2013 Nissan Sentra Review

Get more in your compact sedan for less
By Zoe Ackah
Zoe Ackah
Zoe Ackah
August 1, 2013 Updated: August 1, 2013

It’s a battle of price, gadgets, and operating costs—a battle on a global scale. The weapons of the C segment: affordability, pragmatism, and above all, fuel economy. 

In the North American market, cars like these are like your home. If you commute, you may spend as much time in your car as you do in your home while awake. 

But North America is not the sole driver of this market. The 2013 Nissan Sentra is a prime example of a car designed for multiple markets and a global audience.

Tim Franklin, Sr. Manager Product Planning, Nissan Canada, was in Japan as the new Sentra was developed. “This vehicle, to a large extent, was shaped by China and the Chinese customer.”

The Sentra is a comparatively large, luxurious car in China so it needed a roomy backseat for the illustrious passenger being chauffeured. It needed to be elegant with lots of premium features, something key in that market.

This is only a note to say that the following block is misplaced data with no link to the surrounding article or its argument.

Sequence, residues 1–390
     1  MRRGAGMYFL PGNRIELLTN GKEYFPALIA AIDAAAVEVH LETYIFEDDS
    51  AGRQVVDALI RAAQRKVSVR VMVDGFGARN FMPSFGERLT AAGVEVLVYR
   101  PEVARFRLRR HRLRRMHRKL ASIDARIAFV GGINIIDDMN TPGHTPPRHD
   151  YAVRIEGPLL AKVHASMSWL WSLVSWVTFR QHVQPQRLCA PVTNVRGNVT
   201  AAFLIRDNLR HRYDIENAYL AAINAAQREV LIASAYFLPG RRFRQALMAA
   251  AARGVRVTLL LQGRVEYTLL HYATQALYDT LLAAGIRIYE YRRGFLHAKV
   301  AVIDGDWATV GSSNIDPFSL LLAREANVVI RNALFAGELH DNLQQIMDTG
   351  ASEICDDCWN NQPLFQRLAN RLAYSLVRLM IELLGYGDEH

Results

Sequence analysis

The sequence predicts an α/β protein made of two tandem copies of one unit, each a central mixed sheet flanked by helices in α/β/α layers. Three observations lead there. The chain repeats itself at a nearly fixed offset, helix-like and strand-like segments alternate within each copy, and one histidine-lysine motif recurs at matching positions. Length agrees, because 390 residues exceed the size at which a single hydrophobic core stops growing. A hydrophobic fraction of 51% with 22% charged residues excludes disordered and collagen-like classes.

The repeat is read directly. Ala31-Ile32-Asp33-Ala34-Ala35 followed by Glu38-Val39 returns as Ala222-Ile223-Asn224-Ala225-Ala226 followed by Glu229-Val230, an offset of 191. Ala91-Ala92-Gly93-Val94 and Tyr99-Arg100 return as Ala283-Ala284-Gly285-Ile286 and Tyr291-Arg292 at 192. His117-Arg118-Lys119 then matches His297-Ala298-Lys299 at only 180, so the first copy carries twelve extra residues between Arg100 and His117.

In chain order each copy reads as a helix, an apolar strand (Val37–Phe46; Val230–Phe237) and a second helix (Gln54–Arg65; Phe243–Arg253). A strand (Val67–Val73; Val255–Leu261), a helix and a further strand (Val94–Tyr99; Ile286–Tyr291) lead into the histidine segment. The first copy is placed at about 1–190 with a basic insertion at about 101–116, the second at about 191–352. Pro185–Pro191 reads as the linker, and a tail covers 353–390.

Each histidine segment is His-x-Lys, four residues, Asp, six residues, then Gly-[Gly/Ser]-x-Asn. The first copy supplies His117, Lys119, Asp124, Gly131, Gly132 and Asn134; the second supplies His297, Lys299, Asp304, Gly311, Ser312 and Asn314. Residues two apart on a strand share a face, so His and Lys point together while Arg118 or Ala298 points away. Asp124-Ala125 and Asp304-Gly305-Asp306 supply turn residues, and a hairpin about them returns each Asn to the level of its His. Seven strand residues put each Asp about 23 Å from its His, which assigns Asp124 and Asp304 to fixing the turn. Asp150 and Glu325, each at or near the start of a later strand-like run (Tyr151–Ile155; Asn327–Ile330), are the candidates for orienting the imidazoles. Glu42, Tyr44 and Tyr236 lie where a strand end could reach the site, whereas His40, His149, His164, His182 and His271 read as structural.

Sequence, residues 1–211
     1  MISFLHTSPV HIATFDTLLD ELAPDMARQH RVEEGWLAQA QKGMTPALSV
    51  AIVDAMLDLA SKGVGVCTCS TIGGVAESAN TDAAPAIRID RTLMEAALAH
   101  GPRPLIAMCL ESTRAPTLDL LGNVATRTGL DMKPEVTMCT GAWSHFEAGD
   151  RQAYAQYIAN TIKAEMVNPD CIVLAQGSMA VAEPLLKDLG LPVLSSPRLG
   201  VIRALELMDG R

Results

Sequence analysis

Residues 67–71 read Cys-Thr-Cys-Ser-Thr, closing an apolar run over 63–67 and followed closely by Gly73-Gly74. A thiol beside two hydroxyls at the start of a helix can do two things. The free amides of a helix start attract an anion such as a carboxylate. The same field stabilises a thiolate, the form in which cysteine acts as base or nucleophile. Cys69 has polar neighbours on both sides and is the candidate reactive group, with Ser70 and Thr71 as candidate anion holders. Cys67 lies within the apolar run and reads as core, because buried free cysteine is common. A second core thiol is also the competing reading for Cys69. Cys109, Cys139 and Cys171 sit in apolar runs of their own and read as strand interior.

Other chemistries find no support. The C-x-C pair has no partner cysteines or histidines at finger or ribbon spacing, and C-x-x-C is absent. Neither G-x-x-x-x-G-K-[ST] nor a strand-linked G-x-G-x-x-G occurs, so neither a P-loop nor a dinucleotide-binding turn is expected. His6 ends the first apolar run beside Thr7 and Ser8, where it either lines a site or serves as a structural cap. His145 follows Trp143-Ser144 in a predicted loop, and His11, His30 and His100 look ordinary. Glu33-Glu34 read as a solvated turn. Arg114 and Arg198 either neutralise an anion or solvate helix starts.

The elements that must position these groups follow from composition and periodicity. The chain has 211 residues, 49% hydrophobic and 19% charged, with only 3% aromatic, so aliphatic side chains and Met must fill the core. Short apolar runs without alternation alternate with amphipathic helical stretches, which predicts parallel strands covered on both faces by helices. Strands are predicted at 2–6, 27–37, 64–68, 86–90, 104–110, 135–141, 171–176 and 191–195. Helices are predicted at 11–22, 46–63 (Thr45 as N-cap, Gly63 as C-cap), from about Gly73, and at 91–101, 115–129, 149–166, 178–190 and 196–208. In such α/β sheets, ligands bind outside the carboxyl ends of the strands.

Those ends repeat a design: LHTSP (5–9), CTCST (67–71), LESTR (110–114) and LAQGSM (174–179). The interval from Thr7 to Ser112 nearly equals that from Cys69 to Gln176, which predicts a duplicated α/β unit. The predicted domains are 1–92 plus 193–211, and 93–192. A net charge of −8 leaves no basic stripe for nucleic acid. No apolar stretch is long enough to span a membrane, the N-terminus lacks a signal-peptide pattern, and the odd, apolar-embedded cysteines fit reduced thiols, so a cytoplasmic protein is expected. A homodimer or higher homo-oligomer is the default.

The 1.8L SV Sentra I drove, the “every-man’s” model in Canada, comes with LED taillights, remote keyless entry, push-button ignition, a touch screen stereo with Bluetooth and XM satellite radio, and a leather-wrapped steering wheel. 

Yes, it’s super roomy and has an alarming number of bells and whistles for the price ($14,848 for the S and $17,548 for the SV, all in before tax) because of China’s needs, at least in part. 

Canadians made our contribution too. “Canadian’s use these cars for everything,” said Franklin. So the Chinese can thank us for the “cavernous trunk” apparently. I love me some cavernous trunk! It’s got 60/40 split rear seats for hauling Canadian lumber, or a freezer full of moose meat, as need be. 

I’m giving us all the credit for the trunk because in America they like packing their supersized stuff into full-sized sedans. Canadians prefer compact sedan fuel economy. 

The 1.8L SV Sentra I drove had a CVT transmission, which was a little awkward and grasping, not to mention a little weird sounding. But the result is segment dominating fuel economy, provided you’re not lead-footed. 

And that’s key. To get the 6.6 L/100km city 4.9L/100km highway, you need to drive very conservatively. You need to be the type of person who will get into a car and not even notice it has a CVT transmission.

If you drive more aggressively, you may get 8.4 L/100km combined like I did. Driving manually may be better in that case, and that option will offer a little more engagement, and save you $1,300.

Zoe Ackah
Zoe Ackah